Reply To: Legal or Not Legal to Crowd Source

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Oliver Kreylos

Note: The following applies primarily to the USA, but should be similar in most other places.

The GNU General Public License (GPL) explicitly does not forbid selling a GPL-licensed software product. Without going into legalese, the only thing a licensee of a GPL software product can not do is re-license that software product to a third party under a non GPL-compatible license, such as, for example, a closed-source license. This is how Red Hat can sell Linux.

What this means in practice is that you can sell the SARndbox software (or any software derived from the SARndbox software) to a third party, for any amount of money you see fit. What you can not do is take those same rights away from your licensees: you have to give them the full source code of the software you sold, and you cannot prevent them from copying or modifying the software, or re-selling the software to a fourth party.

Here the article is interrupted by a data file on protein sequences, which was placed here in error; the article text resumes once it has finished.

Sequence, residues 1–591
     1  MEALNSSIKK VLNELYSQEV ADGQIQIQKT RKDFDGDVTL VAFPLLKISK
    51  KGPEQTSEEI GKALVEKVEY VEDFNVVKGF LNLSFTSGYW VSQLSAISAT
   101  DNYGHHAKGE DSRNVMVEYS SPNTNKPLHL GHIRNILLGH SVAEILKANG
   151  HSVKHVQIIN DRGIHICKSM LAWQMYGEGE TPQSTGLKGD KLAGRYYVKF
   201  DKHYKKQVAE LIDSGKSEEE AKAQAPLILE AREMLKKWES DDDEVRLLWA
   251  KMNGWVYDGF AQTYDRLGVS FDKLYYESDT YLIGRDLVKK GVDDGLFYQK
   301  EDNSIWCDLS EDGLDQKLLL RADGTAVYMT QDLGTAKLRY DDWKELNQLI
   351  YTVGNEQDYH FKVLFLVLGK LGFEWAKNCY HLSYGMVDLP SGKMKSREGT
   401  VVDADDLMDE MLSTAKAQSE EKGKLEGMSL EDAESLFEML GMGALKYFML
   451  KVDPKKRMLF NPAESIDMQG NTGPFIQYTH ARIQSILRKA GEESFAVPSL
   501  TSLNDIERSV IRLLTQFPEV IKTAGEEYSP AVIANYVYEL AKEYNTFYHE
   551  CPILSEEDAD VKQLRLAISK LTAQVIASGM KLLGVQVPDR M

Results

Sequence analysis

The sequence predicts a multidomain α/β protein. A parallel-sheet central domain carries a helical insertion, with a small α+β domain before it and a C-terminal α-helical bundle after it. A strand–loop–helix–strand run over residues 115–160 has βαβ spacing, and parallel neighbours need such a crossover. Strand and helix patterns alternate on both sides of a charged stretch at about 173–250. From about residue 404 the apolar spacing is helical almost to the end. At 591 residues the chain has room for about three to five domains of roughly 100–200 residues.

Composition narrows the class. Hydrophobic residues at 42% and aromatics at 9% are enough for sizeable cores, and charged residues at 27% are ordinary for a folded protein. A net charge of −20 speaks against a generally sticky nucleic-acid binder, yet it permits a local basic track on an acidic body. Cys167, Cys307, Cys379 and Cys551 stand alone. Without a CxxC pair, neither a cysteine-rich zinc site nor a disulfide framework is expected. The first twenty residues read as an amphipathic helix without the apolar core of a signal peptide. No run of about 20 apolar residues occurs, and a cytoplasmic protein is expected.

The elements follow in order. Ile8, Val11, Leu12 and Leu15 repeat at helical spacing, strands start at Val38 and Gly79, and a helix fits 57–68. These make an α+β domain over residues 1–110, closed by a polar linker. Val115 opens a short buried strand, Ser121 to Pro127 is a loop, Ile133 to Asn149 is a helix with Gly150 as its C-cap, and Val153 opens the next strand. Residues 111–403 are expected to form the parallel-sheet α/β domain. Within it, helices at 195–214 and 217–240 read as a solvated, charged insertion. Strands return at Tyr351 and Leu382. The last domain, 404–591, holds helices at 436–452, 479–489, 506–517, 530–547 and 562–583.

“Free” in the GPL means unencumbered by restrictions, not “free” as in no cost. Or in Richard Stallman’s words, “free as in speech, not free as in beer.”

Regarding the other hardware components (PC, projector, Kinect, etc.): These are goods as defined by ownership law, and legal owners can do with them as they please, including reselling them, say during a yard sale, or on eBay, or as part of an AR Sandbox sale. Some argue that complex goods such as projectors or 3D cameras also contain intellectual property, such as firmware or industrial designs, but fortunately, the US Supreme Court in 2013 upheld the first-sale doctrine, which explicitly allows resale, including resale for profit, of copyright- or trademark-protected physical objects by their legal owners.

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